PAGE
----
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Opinion: Let resolutions focus on finances

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It’s time for that annual rite of passage into the New Year: making resolutions. In addition to vowing to lose 10 pounds or to get organized, perhaps 2012 should be the year to focus on finances. Regardless of age or financial status, here are some ideas that may help.

In the 20s
Those in their 20s who have school behind them and are fortunate enough to have landed jobs in this challenging job market are to be congratulated. Now it’s time to start preparing for the financial future.

Once there is a plan in place to repay student loans, perhaps the most important step for 2012 is to start creating a cash reserve for emergencies. Some experts recommend stashing away three to six months worth of living expenses to be able to stay afloat in the event of a job loss, accident or any other unforeseen situation that might affect financial security.

Keep cash reserves in liquid investments that will be readily available in case they’re needed. Consult a financial adviser for help locating investments that will hold cash reserves and are accessible in the current low interest rate environment.

With all the current demands for time and money, it’s hard for many people in their 30s to think about saving for retirement. An employer-sponsored plan such as a 401(k) or a 403(b) is an easy way to invest for the future. Those who aren’t doing so already should resolve to make 2012 the year to start maximizing contributions to company-sponsored retirement savings plans.

Those who can’t contribute the maximum right away should put in at least enough to qualify for any employer-matching contributions. Employer matches are essentially free money that can help participants take full advantage of the savings plans.

To get started, talk to human resources representatives or visit plan providers’ Web sites. Find out how much you are contributing and whether an employer match is available. Keep in mind that the 401(k) contribution limit is $17,000 in 2012 – up from $16,500 in 2011, according to the Internal Revenue Service 401(k) Resource Guide for plan participants.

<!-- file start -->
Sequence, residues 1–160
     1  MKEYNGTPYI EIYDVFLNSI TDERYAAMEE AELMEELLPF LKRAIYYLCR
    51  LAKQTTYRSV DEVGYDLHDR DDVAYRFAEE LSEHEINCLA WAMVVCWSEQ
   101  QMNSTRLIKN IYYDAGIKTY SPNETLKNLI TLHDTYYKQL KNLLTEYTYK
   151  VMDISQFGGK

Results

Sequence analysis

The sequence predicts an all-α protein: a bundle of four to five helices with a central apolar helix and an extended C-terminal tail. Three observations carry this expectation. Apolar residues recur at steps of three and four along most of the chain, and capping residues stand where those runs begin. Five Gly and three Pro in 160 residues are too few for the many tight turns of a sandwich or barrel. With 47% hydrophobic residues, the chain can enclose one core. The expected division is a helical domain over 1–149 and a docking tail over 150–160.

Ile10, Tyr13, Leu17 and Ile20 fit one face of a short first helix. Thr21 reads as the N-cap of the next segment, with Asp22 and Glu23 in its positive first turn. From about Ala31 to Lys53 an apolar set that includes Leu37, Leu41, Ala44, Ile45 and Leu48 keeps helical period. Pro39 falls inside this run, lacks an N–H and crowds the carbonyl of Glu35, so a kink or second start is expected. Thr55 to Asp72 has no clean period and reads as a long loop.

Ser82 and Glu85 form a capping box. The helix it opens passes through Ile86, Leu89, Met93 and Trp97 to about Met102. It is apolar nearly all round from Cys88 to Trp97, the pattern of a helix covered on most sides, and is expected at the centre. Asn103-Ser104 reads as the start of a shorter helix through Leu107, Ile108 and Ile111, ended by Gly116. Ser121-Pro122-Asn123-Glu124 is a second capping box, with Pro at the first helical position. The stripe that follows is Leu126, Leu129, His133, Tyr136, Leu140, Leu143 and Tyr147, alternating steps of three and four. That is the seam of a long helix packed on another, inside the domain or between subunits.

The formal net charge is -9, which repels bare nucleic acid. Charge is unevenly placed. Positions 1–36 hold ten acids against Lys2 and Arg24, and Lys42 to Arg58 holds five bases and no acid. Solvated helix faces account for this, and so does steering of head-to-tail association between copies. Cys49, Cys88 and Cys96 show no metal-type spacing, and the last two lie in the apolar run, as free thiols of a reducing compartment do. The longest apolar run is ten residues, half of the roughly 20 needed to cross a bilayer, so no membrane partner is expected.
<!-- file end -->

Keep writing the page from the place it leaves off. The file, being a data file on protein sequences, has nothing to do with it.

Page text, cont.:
Planning for the 40s
Those in their 40s have more at stake financially, making 2012 a good year to review life and disability insurance coverage to ensure that it reflects current realities and future goals. Ask how unexpected events might affect family goals and how dependents will be provided for if the income – or the earner – is gone.

Those who are overwhelmed by the prospect of making insurance decisions can enlist a financial adviser to help explore the big financial picture and determine what types and amounts of insurance make the most sense.

Finances for the 50s
People in their 50s who are feeling behind on retirement savings should resolve to take advantage of retirement plan catch-up contributions to help them feel more on track. Those who are 50 years and older can make special contributions beyond regular contribution limits to their qualified and nonqualified plans. In addition to the 401(k) contribution limit of $17,000, workers 50 and older can contribute an extra $5,500 to their qualified plan in 2012. Plus, they can make an additional $1,000 contribution to individual retirement accounts on top of the normal $5,000 limit. With retirement just around the corner, make 2012 the year to kick savings into high gear.

60 and beyond
For those who already are retired and enjoying the fruits of financial planning, it’s time to start thinking about legacies and estate planning.

Designing a legacy consistent with individual values is a personal and complex process, but it is well worth the effort. Set up a family estate planning meeting to open communication, prevent conflicts and let family members know what’s important. Then seek professional advice from an attorney, tax professional or financial adviser to put together an appropriate estate plan.

Before closing the book on 2011, take a look back at financial accomplishments, and think about desired changes for 2012. Financial pictures are ever-evolving. It’s never too late to make changes to help ensure many happy new years to come.

Paula Dougherty, CFP, ChFC, CLU, is a senior financial adviser with Dougherty & Associates, Ameriprise Financial Inc. in Springfield. She is licensed in Missouri, Arkansas, Kansas, California and Arizona, and may be reached at[[In-content Ad]]


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